Torpedoed and Sunk March 26, 1942 

Plan view of the Dixie Arrow

8046 Gross Tons

468 feet Length, 63 feet Beam, 32feet Deep

Owner: Socony-Vacuum Oil Co. New York, NY (Mobil Oil Corp.)

Builder: New York Shipbuilding Corp., Camden, New Jersey


Depth 90 feet


The month of March, 1942, had been difficult for the men of the Merchant Marine off the coast of North Carolina.  There had been an almost endless parade of vessels being torpedoed, shelled, or sunk by mines.  The Socony-Vacuum Oil Company (later Mobil Oil) Tanker, Dixie Arrow, became a victim of this terrible month when Kapitanleutant Flachsenberg, skipper of the German Submarine U-71, sent a volley of torpedoes her way.   


Dixie Arrow burns after the attack.  Photo from Outer Banks History CenterThe tanker was struck on the starboard side at 0858 on the morning of March 26, 1942 by three torpedoes within one minute.  The first hit just below the amidships deckhouse destroying it, and the next two hit slightly abaft this point, breaking the ship in two.  The oil that spurted from the ship was immediately set aflame sending billowing clouds of smoke thousands of feet into the sky and enveloping the forepart of the ship in flames.  All of the licensed Deck Officers were lost in the initial explosion and flames.  Two of the four lifeboats were destroyed by the blast and flames, another lifeboat was lost during the attempt to launch it.  Of the 33 man crew, only 22 survived by using the remaining lifeboat and a raft, several of the men who had been trapped on the bow section by the raging fire had to jump into the sea and swim for their lives.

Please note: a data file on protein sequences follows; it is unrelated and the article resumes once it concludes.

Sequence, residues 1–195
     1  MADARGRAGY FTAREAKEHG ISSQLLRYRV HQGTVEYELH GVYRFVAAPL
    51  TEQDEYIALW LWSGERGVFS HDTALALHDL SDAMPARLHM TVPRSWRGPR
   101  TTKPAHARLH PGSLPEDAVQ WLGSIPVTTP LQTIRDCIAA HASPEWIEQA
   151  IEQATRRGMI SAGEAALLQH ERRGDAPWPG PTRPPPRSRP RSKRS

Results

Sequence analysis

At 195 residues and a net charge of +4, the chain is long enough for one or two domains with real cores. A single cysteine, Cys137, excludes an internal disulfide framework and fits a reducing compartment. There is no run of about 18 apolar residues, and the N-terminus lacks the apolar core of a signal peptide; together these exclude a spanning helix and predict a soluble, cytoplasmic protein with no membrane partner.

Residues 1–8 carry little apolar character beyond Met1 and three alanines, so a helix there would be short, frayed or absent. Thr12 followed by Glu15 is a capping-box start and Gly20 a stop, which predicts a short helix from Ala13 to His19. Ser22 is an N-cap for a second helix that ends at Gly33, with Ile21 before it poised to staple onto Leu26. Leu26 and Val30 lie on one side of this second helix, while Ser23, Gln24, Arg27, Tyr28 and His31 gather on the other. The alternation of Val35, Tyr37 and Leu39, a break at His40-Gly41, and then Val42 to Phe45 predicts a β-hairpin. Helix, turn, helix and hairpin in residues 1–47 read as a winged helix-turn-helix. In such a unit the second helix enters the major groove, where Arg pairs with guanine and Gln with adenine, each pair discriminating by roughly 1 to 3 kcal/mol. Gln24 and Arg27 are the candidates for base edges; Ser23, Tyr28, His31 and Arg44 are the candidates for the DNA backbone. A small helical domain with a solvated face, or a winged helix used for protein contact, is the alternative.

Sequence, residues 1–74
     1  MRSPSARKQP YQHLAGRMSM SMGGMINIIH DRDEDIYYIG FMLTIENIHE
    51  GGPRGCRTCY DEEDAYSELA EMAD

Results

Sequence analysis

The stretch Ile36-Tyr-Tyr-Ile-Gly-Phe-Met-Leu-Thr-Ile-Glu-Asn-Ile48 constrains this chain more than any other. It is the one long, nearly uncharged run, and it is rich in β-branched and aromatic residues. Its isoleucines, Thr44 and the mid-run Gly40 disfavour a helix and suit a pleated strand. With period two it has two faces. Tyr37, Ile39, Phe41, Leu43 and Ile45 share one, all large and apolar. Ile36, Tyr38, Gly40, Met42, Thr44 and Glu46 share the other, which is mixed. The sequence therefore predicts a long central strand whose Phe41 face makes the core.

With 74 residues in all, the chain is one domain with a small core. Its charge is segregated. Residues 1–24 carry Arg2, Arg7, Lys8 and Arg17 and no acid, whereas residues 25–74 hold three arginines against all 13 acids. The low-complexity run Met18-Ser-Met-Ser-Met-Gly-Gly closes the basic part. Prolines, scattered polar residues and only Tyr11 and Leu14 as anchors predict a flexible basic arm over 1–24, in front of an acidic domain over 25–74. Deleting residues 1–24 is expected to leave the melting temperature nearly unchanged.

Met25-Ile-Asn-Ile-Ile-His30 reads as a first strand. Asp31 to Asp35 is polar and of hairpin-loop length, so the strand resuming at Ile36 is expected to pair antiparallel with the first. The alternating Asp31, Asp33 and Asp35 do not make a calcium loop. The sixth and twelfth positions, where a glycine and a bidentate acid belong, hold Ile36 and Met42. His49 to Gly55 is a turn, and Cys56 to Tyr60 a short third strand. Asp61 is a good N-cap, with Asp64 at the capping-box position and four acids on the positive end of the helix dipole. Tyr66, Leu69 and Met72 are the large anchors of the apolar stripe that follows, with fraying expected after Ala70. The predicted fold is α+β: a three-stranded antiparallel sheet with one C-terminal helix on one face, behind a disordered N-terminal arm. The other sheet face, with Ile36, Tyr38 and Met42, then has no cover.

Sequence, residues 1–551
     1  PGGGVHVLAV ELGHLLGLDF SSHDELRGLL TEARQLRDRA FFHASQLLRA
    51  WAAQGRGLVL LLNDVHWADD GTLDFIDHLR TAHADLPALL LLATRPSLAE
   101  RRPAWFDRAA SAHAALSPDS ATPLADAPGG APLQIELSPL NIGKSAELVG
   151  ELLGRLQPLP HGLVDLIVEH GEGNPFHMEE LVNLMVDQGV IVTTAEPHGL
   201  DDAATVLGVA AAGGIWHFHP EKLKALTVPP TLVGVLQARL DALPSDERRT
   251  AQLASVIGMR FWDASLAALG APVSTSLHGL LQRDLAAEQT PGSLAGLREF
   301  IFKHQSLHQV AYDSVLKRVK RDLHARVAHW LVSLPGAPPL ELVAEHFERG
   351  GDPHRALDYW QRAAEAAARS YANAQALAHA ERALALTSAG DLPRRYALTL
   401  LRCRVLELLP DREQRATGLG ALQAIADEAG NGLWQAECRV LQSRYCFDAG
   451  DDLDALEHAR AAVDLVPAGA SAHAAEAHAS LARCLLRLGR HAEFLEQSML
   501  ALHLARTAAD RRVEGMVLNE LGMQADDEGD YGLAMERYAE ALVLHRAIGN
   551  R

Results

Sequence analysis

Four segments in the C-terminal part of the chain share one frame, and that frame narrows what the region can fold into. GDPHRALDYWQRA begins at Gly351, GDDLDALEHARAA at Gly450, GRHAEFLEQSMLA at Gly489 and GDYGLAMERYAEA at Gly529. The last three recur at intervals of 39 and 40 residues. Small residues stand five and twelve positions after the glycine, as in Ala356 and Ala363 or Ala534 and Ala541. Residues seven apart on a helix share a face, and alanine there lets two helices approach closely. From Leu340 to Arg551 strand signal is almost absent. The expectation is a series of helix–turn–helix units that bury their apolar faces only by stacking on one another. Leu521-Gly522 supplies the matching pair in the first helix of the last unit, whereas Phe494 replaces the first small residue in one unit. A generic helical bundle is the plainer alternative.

The Able Seaman on duty in the wheelhouse, Oscar Chappell, was awarded the Distinguished Merchant Marine Medal for standing by his post and bringing the ship into the wind, which kept the flames from the men trapped on the bow.  By doing this, he turned the flames toward himself in the wheelhouse, thereby giving up his own life to save his fellow crewmen.

Diving the Dixie Arrow

Captain Dave drifts over a baitfish school on the ArrowToday, the Dixie Arrow rests in 90 feet of water 15 miles south of the Hatteras Inlet.  She sits upright on her keel and even though the torpedo attack broke her in two, both sections lay together and the wreck is contiguous bow to stern.  The most prominent features of the wreck are the bow and stern areas, with the amidships being a jumble of beams and steel plates.  The bow rises reasonably intact from the forward bulkhead of the number one tank to the bow stem which stands some 30 feet proud of the sand.  

The Dixie Arrow has been under the sea many years and the salt water, along with countless storms, has taken their toll on the structure of the ship.  When I first dived the tanker in the 1980's, the bow was very intact with most all of the structural beams of the deck intact and all the hull plates solid.  Today, the top decks have collapsed into the interior of the bow and all of the structural beams that supported the decks and connected the two hull sides have fallen.  Even the strong pillars that supported all this structure have fallen in the last few years.  This has allowed the uppermost sections of the hull shell to fall away into the sand on either side of the ship.  These hull plates contain a row of about a dozen or so portholes that over the years many divers have worked to retrieve - mostly without success.  The bow section has continued to deteriorate and in the past several years a section of the forward most port side has peeled away and a large split is starting at the very stem.  The forepeak decks have collapsed almost down to the keel.  The shell (hull plating) is also beginning to show corrosion holes between the frames, webs and stringers.  All of this foretells of the eventual demise of this once proud tanker.  Nothing can stop the deterioration of the salt water, Hurricanes and winter storms.